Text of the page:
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The Falls Church Anglican: The Long March to Healing Ministry Excellence


This article is a chapter from the Rev. William De Arteaga’s forthcoming book, Saints, Heroes and Villains of the Anglican Healing Awakening.


To my knowledge no other Anglican church, or any other church, has such an effective and robust ministry of healing and deliverance as The Falls Church Anglican of Falls Church, Virginia (Ok, just a bit confusing, “Falls Church” is the name of the town, and “The Falls Church Anglican” refers to the church in the town of Falls Church).[1] At this church the healing, deliverance, and intercessory prayer ministries are woven into the core of church life.

Its clergy and members understand their calling as a “three streams” congregation. That is, a church where the different aspects of liturgical and sacramental worship, evangelical preaching and Christian good works, and the gifts of the Spirit operate and interact among various groups and ministries, according to their preferences and needs. To be specific, the gifts of the Spirit operate mostly among the healing and intercessory prayer ministries, and a few home groups, but not in the main liturgical services.

The town of Falls Church, Virginia, is a suburb of Washington DC., and many of the parishioners are executives, government employees, and current or former military personnel. Its parishioners and its excellent staff make it one of the most prominent churches in the greater D.C. area.

The Falls Church building in 2009. Originally built in 1769, with evidence of repairs to the structure (note the newer brick under the first floor windows) after the American Civil War.
Image: Wikimedia Commons

The historic Falls Church was established during the colonial period. Its first building arose in 1732. Later, George Washington was a warden of the church in the 1760s and oversaw the construction of the brick church building to replace the original wooden structure. The Falls Church served as both a church and recruiting station for the American Army during the War of Independence. Later, the church served as a Union hospital during the Civil War, as Northern forces quickly took over the territory around Washington, D.C.

After that terrible conflict, The Falls Church was restored to its original status, but did not really thrive, and Sunday attendance dropped to less than a hundred. But in 1935 the Rev. Watkins was called as rector, and by the time his tenure ended (1945) church attendance was in the 300s.[2] The Falls Church grew steadily from that time as the population of Washington D.C. continued to grow as World War II morphed into the Cold War with the Soviet Union.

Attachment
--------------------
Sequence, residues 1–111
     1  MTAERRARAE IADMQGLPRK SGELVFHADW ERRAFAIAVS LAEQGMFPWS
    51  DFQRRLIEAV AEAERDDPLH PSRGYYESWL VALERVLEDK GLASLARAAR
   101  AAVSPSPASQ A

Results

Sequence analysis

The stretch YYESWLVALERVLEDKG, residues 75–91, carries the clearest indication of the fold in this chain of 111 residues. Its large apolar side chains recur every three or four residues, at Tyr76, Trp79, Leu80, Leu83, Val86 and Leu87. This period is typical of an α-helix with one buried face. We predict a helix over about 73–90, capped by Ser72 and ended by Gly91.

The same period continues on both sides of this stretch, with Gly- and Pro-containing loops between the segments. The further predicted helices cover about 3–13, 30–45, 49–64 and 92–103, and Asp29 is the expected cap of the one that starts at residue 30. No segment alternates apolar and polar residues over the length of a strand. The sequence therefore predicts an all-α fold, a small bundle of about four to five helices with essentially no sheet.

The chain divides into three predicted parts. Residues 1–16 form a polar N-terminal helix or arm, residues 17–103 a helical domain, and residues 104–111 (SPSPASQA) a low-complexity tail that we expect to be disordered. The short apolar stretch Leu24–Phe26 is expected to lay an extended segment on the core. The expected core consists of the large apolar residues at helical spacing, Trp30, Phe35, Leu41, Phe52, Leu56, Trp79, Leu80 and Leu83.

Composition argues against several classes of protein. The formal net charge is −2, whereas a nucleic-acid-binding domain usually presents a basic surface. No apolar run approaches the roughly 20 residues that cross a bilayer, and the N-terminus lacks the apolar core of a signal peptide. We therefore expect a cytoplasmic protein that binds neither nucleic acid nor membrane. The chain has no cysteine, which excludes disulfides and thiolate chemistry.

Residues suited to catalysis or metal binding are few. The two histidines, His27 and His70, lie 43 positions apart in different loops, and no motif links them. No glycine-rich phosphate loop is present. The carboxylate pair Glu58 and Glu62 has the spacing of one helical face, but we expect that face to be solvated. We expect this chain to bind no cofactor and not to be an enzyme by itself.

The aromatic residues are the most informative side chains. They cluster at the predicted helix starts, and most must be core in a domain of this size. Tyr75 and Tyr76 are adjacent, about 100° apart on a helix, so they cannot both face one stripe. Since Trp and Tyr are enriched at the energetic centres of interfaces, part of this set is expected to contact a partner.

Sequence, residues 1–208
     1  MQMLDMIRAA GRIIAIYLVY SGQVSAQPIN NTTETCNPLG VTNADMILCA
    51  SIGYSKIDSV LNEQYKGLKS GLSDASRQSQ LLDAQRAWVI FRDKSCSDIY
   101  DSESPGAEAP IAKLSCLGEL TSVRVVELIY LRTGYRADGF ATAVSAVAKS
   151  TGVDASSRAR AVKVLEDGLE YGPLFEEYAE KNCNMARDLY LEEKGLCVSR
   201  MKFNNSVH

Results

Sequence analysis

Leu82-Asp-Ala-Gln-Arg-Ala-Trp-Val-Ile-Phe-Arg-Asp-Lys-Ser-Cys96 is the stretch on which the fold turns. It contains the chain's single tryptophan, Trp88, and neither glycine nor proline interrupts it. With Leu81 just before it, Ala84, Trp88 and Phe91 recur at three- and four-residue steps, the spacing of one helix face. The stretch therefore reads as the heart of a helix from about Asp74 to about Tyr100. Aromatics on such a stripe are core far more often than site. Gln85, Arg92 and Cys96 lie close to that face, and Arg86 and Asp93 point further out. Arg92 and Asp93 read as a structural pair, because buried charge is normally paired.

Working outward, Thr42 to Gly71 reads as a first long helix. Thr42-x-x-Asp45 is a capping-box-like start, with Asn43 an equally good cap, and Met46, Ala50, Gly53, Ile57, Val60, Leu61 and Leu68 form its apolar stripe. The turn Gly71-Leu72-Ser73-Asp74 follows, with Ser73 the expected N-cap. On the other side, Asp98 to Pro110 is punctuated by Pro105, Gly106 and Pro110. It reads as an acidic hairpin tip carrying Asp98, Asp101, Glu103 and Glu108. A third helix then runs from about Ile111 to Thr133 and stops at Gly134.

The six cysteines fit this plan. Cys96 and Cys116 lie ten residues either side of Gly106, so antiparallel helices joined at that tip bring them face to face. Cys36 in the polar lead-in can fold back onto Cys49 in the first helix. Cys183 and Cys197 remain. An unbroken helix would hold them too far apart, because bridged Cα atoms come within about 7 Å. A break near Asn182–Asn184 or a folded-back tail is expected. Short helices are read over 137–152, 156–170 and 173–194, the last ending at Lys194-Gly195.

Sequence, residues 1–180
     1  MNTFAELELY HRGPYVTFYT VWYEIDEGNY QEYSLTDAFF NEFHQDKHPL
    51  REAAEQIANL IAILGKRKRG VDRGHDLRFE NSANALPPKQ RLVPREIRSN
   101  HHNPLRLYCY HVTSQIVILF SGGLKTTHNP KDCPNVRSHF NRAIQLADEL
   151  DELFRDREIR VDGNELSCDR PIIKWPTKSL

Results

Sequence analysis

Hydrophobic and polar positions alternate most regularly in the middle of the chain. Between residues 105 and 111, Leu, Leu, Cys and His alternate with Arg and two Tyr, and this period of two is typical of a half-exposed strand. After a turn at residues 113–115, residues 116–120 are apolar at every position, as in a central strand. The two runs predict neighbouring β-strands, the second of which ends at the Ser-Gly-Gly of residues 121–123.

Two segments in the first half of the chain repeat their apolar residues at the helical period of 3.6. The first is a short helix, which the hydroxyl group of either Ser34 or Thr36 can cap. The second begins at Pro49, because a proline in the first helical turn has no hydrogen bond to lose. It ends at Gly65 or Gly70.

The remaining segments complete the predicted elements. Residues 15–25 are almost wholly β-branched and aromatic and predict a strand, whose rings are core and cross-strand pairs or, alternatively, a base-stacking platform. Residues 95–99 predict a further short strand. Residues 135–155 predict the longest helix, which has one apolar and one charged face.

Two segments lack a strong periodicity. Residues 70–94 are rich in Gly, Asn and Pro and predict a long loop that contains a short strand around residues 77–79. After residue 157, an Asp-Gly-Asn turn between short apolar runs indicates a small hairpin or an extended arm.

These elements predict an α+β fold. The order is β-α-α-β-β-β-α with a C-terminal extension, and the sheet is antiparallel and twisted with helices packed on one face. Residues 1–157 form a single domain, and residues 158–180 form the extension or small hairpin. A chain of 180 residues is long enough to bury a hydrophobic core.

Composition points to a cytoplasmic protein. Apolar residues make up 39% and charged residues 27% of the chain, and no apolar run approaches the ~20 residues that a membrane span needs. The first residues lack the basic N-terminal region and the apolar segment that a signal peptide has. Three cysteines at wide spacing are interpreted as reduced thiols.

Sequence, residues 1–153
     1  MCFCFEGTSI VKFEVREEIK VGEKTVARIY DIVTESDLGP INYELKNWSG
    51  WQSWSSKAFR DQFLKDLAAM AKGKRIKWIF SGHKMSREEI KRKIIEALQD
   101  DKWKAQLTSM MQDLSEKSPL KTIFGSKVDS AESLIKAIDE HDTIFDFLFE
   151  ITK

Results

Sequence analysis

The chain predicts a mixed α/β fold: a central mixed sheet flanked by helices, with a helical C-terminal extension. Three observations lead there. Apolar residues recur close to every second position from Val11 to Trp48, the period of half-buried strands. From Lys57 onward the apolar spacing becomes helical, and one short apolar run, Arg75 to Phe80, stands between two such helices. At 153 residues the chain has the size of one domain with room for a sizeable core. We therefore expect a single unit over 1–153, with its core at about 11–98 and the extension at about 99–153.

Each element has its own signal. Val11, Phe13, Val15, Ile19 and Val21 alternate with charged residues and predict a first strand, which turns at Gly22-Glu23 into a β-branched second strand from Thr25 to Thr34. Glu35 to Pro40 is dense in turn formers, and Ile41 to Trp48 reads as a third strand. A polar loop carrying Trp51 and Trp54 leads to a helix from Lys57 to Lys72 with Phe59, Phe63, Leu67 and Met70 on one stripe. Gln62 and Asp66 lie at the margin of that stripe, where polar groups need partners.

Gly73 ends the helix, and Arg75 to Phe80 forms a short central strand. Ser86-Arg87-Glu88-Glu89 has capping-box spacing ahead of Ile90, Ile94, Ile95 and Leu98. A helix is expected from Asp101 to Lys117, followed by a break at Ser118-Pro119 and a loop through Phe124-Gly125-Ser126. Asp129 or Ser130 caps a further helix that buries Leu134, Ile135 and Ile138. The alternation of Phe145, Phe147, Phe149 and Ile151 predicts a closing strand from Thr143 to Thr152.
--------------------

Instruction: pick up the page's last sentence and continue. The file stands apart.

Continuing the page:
However, The Falls Church did not become the prominent church it is today until the pastorship of the Rev. John Yates, who came in 1979. He and his wife were both from devoted Christian homes.[3] The Rev. Yates’ mother was prominent in CFO circles in the 1950s and 1960s, and her son John accompanied her at those CFOs on several occasions.[4]

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Category: Ministry, Spring 2020

About the Author: William L. De Arteaga, Ph.D., is known internationally as a Christian historian and expert on revivals and the rebirth and renewal of the Christian healing movement. His major works include Quenching the Spirit: Discover the Real Spirit Behind the Charismatic Controversy (Creation House, 1992, 1996), Forgotten Power: The Significance of the Lord’s Supper in Revival (Zondervan, 2002), Agnes Sanford and Her Companions: The Assault on Cessationism and the Coming of the Charismatic Renewal (Wipf & Stock, 2015), and The Public Prayer Station: Taking Healing Prayer to the Streets and Evangelizing the Nones (Emeth Press, 2018). Bill pastored two Hispanic Anglican congregations in the Marietta, Georgia area, and is semi-retired. He continues in his healing, teaching and writing ministry and is the state chaplain of the Order of St. Luke, encouraging the ministry of healing in all Christian denominations. Facebook

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